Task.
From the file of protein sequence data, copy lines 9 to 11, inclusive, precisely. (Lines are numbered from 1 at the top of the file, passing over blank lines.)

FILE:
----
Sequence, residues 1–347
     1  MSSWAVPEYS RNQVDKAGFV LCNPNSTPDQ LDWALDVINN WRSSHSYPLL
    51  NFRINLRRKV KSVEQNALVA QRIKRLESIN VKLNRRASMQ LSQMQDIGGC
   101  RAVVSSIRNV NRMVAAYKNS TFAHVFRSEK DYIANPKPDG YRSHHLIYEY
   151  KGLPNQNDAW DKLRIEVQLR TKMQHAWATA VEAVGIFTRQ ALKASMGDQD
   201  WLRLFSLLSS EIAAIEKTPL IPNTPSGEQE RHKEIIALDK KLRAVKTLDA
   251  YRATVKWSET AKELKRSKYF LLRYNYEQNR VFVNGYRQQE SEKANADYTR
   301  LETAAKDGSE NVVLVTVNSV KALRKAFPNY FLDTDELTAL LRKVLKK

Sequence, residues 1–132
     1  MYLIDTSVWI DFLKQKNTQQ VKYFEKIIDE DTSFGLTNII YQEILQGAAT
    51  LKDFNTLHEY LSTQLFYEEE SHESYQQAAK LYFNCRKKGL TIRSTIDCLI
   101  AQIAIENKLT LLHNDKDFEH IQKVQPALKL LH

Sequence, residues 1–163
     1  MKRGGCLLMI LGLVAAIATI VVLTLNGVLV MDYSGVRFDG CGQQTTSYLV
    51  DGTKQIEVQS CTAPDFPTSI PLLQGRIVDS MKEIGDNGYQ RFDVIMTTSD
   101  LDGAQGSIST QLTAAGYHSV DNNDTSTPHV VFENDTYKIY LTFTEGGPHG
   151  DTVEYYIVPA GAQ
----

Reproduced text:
Sequence, residues 1–132
     1  MYLIDTSVWI DFLKQKNTQQ VKYFEKIIDE DTSFGLTNII YQEILQGAAT
    51  LKDFNTLHEY LSTQLFYEEE SHESYQQAAK LYFNCRKKGL TIRSTIDCLI